Water Purity

Discussion in 'Fibromyalgia Main Forum' started by Slayadragon, Oct 26, 2006.

  1. Slayadragon

    Slayadragon New Member

    Does anyone know if the chlorine that is dumped in municipal water (plus all the other filtration they do) is sufficient to remove bacteria, parasites and all other "bad stuff" (or for that matter, living stuff thought by the experts to be "neutral" or "good")?

    I have been using the Brita jug for quite some time now. This was after a chemistry professor here at Northwestern told me that he had done substantial research on the pitcher and that it was extremely effective at removing pretty much every heavy metal that we are likely to encounter.

    (The exception is arsenic, which thankfully does not seem to be a problem in most places. I believe it is still a problem in much of New Mexico--at least it was a couple of years ago--and so people there probably would do well to drink bottled water until/unless the problem is fixed.)

    However, this colleague is a chemist, and he didn't say anything about living things in the water.

    I have been working really hard recently to get bacteria and other bad stuff out of my body recently, and it suddenly struck me that maybe I should be boiling the water as well as filtering. Hopefully I don't have to, though.

    BTW, the reason this chemist was studying the Brita pitcher is because, due to mining for uranium in the Four Corners reservation (a large piece of land at the junction of New Mexico, Arizona, Colorado and Utah), the water supply there is extremely polluted with uranium, lead, radioactive lead and arsenic (amongst other heavy metals). The metals congregate together, which is why when one is released into the water supply, the others tend to be too. (The contamination of the water was confirmed by government scientsts and buried somewhere on the Internet.)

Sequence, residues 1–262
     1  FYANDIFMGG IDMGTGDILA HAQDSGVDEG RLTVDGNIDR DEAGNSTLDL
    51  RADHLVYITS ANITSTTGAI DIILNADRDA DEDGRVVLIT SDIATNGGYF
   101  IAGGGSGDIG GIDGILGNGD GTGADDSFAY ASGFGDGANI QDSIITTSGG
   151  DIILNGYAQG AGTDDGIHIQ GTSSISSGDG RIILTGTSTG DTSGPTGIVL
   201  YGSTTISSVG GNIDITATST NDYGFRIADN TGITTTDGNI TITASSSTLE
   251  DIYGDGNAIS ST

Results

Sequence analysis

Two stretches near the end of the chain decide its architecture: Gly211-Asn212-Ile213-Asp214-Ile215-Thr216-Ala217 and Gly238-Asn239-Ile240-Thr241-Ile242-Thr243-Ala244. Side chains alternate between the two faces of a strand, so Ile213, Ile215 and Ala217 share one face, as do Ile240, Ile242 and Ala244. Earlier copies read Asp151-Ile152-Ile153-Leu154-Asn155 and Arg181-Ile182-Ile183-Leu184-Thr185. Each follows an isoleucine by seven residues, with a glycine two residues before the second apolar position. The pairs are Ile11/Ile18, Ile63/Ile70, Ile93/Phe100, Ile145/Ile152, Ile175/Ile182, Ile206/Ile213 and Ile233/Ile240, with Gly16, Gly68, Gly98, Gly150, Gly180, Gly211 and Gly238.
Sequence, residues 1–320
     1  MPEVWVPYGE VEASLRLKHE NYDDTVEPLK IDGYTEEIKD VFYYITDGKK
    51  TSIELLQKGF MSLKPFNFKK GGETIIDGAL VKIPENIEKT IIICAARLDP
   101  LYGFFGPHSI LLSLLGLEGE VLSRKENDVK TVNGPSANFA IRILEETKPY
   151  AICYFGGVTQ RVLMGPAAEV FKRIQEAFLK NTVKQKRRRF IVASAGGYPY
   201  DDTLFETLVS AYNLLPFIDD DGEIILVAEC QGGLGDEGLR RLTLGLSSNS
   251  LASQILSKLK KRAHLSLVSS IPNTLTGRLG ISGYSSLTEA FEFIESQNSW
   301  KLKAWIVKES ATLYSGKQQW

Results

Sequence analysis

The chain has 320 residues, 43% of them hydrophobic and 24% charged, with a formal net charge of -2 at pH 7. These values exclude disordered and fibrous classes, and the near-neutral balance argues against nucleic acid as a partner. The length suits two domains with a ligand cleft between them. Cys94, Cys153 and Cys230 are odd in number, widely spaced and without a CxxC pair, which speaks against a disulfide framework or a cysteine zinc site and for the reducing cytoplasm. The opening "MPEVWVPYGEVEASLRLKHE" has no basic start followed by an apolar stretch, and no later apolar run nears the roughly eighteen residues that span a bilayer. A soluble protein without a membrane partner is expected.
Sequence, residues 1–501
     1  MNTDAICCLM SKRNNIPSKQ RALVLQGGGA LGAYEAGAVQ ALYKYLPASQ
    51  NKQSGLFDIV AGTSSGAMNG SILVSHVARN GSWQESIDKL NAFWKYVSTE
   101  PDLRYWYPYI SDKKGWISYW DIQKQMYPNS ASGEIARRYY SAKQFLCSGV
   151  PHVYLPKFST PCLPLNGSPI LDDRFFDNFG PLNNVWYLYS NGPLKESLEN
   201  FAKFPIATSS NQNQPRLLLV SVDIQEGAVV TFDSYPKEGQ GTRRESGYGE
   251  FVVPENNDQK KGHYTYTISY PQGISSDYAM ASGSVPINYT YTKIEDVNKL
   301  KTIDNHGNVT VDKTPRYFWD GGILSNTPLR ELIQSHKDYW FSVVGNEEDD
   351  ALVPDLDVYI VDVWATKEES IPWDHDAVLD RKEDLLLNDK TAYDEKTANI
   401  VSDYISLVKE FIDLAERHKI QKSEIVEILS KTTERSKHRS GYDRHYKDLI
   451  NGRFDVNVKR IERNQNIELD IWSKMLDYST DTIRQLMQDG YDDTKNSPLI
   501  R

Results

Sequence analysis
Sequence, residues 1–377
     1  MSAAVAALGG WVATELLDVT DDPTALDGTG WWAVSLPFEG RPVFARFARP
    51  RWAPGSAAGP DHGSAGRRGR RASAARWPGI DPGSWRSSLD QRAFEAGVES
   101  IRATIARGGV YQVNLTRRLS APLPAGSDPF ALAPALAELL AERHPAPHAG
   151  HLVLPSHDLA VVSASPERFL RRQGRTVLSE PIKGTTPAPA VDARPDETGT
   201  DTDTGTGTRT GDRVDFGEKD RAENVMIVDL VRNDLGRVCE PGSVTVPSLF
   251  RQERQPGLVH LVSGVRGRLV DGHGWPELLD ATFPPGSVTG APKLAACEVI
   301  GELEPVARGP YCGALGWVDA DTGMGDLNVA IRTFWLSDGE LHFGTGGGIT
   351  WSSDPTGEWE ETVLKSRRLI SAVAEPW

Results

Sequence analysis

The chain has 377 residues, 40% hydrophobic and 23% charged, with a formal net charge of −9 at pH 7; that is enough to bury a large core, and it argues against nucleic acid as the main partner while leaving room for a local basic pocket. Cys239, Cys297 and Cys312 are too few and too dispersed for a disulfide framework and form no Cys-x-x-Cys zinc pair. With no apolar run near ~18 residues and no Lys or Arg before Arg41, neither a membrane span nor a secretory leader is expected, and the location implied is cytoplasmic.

A few of the people in the reservation drink municipal water, but most drink groundwater. They boil it before they use it, but the mineral content causes huge amounts of mental retardation, cancer and other illnesses.

    This would be a hugely expensive problem for the government to fix, and so it is ignored. My colleague was hoping that the distribution of the pitchers would alleviate the problem (except for ones caused by arsenic), but due to language barriers and suspicion about the positive intentions of white people, the idea never has been put into place.

    I guess I bring this up to note that there are people in the U.S. who are just as bad off and even more ignored than suffers of CFS/fibro. I sometimes think about this when I get frustrated that the government isn't "doing more" to help me.

    The government should be doing more to help a lot of people. It's not just us.

    Meanwhile, does anyone have any thoughts about water?
  2. nerdieduckie

    nerdieduckie New Member

    I learned my lesson a while back about our local tap water. I have a habit of leaving water hanging around in cups for a few days...and I took a look at it as I was carrying one to the kitchen...and there was SLUDGE at the bottom of the cup. Sediment, sludge, whatever you want to call it. It was nasty.